Discover the Most Famous Mansion, and Murder Site, in Duluth

Posted by Mark

Heading north out of downtown on London Road takes you past an old elite neighborhood of Duluth. On the lake side of the road you will find the Glensheen Mansion, one of the most popular tourist destinations on for a Duluth vacation.

Glansheen was built as a family home for Chester Congdon. Taking three years to build, from 1905 to 1908 the site of the mansion, while now urban, was wilderness at the time. It was difficult to even get the building supplies to the construction site, many of which were brought up the shoreline by boat and hauled over the rocky Superior shore.

The mansion sits on 7.6 acres of prime lake front property, providing spectacular views of Lake Superior from many of it’s 38 rooms. The Congdons retained the services of Minnesota architect Clarence H. Johnston Sr. to design the home and had the interior designed by Willian A. French. The New York firm of Charles W. Leavitt designed the garden and landscaping around the mansion.

William French used Late Victorian, Arts and Crafts and Art Nouveau styles when designing the home’s interior. Furniture was selected to match the style and wood used in each room. The original furniture is still in the house, in most of their original locations. Circassian walnut, mahogany, cyress, fumed oak and American walnut woods were used throughout the house for trim and panelling. Doors were made to match both the hallway and the room with oak on the hallway side of the door and wood matching the room on the interior.

The art collected by Chester Congdon is still hanging, primarily, where he had it hung. The collection includes a range of American and European artists.

In 1968 the estate was given to the University of Minnesota Duluth with the understanding that the youngest child of Chester Congdon, Elisabeth, be allowed to live there until her death. Little did the family know that Elisabeth’s life would end tragically.

On June 27th, 1977, Roger Caldwell, the second husband of Congdon’s daughter Marjorie murdered Elisabeth Congdon and her nurse Velma Pietila. Roger was charged with two counts of first degree murder and sentenced to two life sentences. His convictions were later overturned by the Minnesota Supreme Court in 1982. Facing a retrial, Caldwell confessed to the murders and pleaded guilty. Marjorie was charged with aiding and abetting and conspiracy to commit murder but was acquitted on all charges. She was later convicted, in unrelated matters, to two counts of arson for which she served 12 years in prison. At one time, she was also wanted in North Dakota for bigamy.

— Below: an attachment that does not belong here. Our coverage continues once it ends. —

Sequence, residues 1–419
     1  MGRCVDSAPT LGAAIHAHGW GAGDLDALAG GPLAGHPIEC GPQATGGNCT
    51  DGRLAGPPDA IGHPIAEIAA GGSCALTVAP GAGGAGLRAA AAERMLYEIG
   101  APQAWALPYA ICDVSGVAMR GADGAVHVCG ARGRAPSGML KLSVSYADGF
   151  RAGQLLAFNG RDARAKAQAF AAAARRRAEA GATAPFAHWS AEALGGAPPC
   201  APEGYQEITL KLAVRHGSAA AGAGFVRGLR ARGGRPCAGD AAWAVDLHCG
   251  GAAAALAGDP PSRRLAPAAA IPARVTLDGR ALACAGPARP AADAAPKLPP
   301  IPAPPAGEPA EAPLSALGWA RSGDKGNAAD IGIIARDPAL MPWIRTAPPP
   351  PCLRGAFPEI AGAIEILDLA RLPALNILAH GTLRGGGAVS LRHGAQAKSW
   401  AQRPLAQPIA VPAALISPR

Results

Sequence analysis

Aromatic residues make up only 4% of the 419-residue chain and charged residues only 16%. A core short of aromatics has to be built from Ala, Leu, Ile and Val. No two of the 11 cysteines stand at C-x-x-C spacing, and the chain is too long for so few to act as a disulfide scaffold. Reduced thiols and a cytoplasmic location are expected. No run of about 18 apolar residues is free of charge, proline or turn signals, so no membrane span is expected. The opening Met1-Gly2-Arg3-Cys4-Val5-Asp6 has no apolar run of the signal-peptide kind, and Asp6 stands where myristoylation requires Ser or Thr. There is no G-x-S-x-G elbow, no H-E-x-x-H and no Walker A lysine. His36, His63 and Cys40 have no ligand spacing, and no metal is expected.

Although it’s widely believed that tour guides aren’t allowed to talk about the murders, many of them will talk about it at the end of the tour.

The University of Minnesota Duluth opened the mansion to the public in 1979. The third floor and attic were closed to the public for many years due to concerns about safety due to limited access. Limited small group tours of both the third floor and attic started in 1992.

In 1991 the mansion was added to the National Register of Historic Places.

The tour gives a glimpse at what life was like for the Congdons and their help over 100 years ago. After the tour, visitors may take their time wandering the grounds of the estate looking at the gardens, boat house and barn.

For movie buffs, the 1972 movie, “You’ll Like My Mother”, staring Patty Duke and Richard Thomas was filmed at the Glensheen mansion.

The mansion is available for parties, weddings and events.

Find out more about this great stop on your Duluth vacation by visiting Glensheen, the Historic Congon Estate

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